Problems in Fisheries and Management of Fish Resources in the Gulf of Riga

  • Evald Ojaveer
Part of the Central and Eastern European Development Studies book series (CEEDES)


Fisheries, health resorts, tourism and maritime transportation connected with the Gulf of Riga have been of special importance for Estonia and Latvia.

Due to the special characteristics of its nature, the gulf supports a variety of organisms with different adaptational backgrounds. The most important are eurytherm euryhaline marine boreal species. Freshwater species are mainly distributed in south-eastern areas, especially in the estuaries of large rivers — the Daugava, Lielupe, Gauja, Pärnu etc. Glacial relicts are mostly inhabitants of deeper water layers.

The dynamics of the stocks are directly or indirectly connected with fluctuations in climatic conditions. The effects of pollution have been controversial. Eutrophication has increased the productivity in the pelagic system but deteriorated the conditions for benthic animals.

The total fish catches within the Gulf of Riga have varied from an average of 13,000 tonnes in the 1930s to the peak figures in the late 1960s and early 1970s (50,000–90,000 tonnes). During the 1990s, they have fluctuated around a moderate level (20,000–30,000 tonnes). Presently, the catches of pelagic fish are good, but demersal stocks are at a low level. The abundance of some cold-water fishes (eelpout, smelt) is increasing. However, the stocks of four-horned sculpin, sea snail and a number of other relict species remain depleted.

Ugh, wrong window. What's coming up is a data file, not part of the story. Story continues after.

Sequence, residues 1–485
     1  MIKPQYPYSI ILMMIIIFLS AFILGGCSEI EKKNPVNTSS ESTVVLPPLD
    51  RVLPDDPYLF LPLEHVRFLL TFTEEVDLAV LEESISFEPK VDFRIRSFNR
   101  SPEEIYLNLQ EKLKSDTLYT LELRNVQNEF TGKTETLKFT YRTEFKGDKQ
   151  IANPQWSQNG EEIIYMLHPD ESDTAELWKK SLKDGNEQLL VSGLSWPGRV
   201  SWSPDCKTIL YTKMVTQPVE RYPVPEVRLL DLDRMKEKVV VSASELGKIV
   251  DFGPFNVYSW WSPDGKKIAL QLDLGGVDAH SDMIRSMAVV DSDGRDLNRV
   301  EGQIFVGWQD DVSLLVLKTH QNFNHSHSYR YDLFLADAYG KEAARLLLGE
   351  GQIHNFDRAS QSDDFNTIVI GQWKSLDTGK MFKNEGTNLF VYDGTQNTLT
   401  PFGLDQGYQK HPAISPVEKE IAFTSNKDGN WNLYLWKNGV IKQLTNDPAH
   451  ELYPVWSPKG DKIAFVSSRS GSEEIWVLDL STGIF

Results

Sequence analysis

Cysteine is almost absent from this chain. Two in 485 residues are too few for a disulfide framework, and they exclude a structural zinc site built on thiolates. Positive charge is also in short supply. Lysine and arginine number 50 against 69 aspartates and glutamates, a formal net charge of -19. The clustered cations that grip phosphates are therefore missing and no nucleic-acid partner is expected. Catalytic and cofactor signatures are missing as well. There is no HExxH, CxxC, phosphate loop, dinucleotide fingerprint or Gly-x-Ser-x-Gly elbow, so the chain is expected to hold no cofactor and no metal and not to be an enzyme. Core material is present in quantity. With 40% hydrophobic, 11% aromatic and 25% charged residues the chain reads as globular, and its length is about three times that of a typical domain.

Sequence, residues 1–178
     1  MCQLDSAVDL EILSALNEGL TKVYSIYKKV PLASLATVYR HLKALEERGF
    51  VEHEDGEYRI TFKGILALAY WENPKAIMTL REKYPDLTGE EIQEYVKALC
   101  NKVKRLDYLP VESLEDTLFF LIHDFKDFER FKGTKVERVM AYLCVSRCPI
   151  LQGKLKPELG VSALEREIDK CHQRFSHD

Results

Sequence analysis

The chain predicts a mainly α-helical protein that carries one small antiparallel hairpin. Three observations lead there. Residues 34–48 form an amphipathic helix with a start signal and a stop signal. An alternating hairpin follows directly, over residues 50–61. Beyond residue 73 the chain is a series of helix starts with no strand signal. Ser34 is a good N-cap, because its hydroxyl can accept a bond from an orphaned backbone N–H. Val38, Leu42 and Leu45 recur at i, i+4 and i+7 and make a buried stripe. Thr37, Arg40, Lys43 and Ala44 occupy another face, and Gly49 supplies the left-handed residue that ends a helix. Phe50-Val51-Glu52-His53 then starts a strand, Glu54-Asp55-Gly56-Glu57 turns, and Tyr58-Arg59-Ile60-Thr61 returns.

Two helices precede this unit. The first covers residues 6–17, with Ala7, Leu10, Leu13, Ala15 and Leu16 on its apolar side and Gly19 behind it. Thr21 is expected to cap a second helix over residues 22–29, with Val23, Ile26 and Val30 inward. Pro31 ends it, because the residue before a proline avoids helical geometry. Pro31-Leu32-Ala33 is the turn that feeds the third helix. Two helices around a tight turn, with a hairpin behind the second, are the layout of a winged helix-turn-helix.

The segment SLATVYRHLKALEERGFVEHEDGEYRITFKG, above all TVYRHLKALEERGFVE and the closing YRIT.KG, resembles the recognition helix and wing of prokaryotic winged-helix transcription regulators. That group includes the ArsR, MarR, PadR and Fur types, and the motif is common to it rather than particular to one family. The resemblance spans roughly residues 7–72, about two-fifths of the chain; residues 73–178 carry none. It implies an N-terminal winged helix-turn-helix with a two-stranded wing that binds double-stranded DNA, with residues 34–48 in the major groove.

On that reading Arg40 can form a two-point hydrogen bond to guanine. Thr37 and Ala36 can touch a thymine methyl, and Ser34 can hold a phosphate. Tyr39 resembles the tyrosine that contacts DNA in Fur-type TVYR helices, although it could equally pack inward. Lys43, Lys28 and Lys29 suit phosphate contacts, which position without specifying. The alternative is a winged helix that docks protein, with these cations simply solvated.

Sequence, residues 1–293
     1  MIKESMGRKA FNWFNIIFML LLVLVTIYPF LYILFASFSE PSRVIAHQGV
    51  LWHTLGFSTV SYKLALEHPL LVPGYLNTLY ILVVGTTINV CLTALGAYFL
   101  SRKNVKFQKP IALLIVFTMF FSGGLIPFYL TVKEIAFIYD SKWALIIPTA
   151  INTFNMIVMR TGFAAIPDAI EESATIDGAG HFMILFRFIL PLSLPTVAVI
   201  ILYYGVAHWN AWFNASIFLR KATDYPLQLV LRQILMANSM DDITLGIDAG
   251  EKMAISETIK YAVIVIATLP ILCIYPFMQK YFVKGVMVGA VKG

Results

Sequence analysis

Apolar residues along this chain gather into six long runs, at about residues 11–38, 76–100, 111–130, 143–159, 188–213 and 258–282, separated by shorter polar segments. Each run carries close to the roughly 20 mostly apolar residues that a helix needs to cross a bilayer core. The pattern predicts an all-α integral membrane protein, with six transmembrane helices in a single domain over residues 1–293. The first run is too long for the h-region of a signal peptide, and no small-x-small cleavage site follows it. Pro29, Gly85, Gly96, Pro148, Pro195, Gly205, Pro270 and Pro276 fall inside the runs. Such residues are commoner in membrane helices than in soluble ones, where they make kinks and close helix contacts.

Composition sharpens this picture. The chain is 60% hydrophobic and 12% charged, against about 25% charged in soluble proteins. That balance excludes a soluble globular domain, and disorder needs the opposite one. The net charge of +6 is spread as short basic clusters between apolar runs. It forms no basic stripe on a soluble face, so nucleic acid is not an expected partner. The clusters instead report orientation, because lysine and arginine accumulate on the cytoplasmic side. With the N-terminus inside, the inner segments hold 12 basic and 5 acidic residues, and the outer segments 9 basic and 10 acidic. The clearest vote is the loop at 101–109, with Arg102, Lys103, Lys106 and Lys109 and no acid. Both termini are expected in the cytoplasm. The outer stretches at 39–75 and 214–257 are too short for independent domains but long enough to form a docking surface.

In the management of the Gulf of Riga fish resources it should be taken into account that some species (e.g. spring spawning herring) have developed a local population in the gulf which should be assessed and managed separately. Eutrophication should be controlled and overexploitation of fish stocks avoided. This would allow an optimisation of the yield of both commercial mass species and valuable fishes, the suppression of inferior fishes, and it would contribute to the stabilisation of the gulf’s ecosystem. The recently increased tension in the management of living resources connected with the increase in the abundance of top predators (seals, cormorants) should be regulated.


Fish Stock Fish Resource Health Resort Relict Species Glacial Relict 
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Copyright information

© Springer-Verlag Berlin Heidelberg 2002

Authors and Affiliations

  • Evald Ojaveer
    • 1
  1. 1.Estonian Marine InstituteTallinnEstonia

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